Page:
Sorella Fonstein, the central figure in the novel, is a woman of great intelligence. Her bulk and her plainness serve, to the narrator, as physical emblems of her inner strength and dignity. Unlike some other women portrayed in Bellow’s novels, Sorella is a “tiger wife” of admirable force and humanity. She does not subdue Harry with the force of her character but acts as his liberator, one who understands his need for respect beyond the middle-class values of success. She has impressed the narrator with her persistence and her wit. She takes on the role of the Furies to Billy Rose’s conscience, forcing him to acknowledge what his personal crudity and selfishness seek to conceal. Like the Furies of ancient Greek myth, Sorella is unbending, inexorable. There is nothing of self-consciousness, nothing of personal vanity in her campaign. It is deliberate, direct, and natural, like a life force.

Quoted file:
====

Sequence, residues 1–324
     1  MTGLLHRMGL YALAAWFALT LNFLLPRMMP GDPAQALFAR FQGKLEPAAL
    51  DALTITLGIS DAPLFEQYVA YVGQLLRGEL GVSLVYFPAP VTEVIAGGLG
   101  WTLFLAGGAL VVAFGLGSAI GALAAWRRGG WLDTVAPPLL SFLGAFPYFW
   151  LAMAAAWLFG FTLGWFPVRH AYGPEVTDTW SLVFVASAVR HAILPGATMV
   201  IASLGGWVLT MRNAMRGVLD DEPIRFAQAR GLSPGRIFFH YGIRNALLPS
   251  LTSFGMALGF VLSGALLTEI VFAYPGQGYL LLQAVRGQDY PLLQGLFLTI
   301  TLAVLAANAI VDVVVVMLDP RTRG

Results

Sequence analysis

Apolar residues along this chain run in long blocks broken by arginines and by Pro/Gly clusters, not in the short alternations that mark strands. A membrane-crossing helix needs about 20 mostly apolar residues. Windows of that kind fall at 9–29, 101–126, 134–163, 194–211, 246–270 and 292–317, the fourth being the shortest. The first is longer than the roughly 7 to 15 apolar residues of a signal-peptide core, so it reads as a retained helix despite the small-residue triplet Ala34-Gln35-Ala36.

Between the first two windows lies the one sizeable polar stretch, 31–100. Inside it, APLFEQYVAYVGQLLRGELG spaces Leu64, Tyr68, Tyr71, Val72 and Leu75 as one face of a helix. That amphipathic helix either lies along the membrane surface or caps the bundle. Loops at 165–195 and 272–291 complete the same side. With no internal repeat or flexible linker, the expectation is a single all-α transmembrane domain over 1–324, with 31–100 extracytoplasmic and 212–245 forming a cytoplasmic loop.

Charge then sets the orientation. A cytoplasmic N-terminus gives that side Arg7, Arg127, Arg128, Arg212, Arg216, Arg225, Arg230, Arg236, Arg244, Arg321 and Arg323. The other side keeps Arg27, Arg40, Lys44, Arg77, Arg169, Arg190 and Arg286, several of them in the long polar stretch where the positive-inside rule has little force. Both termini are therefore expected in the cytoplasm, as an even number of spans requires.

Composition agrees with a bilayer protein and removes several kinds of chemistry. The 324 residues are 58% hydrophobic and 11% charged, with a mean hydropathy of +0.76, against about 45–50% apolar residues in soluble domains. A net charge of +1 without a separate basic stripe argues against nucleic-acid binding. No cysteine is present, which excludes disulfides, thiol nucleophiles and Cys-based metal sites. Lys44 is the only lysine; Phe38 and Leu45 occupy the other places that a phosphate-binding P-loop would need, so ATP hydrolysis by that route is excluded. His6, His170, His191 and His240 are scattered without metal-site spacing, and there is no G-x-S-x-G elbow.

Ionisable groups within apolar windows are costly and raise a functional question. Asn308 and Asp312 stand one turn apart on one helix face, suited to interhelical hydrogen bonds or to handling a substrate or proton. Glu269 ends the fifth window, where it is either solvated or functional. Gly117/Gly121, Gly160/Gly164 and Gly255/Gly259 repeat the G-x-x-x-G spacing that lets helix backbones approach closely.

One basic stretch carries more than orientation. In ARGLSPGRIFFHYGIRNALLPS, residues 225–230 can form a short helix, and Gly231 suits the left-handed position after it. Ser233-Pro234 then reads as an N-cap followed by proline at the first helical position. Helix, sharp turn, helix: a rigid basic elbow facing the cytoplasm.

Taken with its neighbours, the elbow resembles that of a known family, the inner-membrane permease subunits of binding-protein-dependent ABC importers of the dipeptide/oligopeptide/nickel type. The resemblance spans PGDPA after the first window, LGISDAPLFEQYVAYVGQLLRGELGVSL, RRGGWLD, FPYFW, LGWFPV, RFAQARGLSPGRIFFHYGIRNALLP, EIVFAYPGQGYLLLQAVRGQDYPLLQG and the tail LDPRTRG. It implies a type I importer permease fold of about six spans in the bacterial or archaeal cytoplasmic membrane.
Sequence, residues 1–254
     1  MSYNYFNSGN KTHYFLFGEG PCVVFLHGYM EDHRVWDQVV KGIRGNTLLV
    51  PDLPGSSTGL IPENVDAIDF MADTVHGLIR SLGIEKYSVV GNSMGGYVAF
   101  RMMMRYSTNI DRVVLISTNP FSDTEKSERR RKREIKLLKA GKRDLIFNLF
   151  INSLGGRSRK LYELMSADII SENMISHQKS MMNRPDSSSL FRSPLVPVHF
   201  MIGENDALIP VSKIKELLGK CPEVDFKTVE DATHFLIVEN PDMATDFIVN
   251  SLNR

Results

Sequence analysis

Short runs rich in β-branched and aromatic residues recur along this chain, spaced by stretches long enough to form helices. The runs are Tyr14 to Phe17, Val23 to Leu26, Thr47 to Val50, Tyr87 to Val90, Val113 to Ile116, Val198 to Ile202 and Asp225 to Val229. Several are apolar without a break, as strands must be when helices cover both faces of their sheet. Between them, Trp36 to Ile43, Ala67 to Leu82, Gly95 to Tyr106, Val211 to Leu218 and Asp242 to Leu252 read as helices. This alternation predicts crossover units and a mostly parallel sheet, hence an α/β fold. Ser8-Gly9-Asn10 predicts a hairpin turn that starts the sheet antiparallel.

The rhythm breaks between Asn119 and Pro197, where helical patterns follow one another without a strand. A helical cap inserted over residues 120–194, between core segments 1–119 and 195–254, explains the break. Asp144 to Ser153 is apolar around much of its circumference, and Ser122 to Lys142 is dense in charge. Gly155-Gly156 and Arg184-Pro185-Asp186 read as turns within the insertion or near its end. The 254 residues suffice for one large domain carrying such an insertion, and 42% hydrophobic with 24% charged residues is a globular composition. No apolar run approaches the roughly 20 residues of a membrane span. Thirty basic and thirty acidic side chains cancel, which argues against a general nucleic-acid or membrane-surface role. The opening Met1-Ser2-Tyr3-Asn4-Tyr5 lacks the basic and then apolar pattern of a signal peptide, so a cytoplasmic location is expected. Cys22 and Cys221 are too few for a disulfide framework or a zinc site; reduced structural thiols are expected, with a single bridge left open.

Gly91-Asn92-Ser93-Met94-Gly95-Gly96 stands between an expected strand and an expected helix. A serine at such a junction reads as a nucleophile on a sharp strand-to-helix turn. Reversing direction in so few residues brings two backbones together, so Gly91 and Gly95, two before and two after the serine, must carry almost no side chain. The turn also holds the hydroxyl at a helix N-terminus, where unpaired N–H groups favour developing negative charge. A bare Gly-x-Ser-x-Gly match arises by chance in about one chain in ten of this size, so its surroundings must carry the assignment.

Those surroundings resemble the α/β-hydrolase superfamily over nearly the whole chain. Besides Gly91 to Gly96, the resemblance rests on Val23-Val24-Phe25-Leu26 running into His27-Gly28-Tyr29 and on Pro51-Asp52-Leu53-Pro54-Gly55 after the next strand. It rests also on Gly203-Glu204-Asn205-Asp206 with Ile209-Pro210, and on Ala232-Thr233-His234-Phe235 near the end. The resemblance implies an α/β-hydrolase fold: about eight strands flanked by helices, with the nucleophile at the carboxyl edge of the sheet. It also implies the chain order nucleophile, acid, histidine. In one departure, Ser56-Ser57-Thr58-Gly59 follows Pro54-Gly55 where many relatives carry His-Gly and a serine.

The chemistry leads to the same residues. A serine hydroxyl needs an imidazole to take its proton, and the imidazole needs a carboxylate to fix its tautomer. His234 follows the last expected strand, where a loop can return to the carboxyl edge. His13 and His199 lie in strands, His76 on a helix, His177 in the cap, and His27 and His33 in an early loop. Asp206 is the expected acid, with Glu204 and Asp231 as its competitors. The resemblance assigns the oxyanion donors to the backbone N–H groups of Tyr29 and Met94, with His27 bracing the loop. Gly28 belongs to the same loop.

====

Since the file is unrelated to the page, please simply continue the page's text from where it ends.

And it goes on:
Though his is the story that forms the central focus of the book, Harry Fonstein is, ironically, not the central character nor even a minor one. Though his rags-to-riches narrative is summarized early in the novel, Harry himself is a pointedly shadowy figure, existing on the periphery of the action. He has little dialogue, no movement, no real physical presence. Harry is, in fact, an abiding presence as a concept, a point of reference from which Sorella and the narrator develop their own courses of action.
Billy Rose, the half-real, half-fictional...
(The entire section is 438 words.)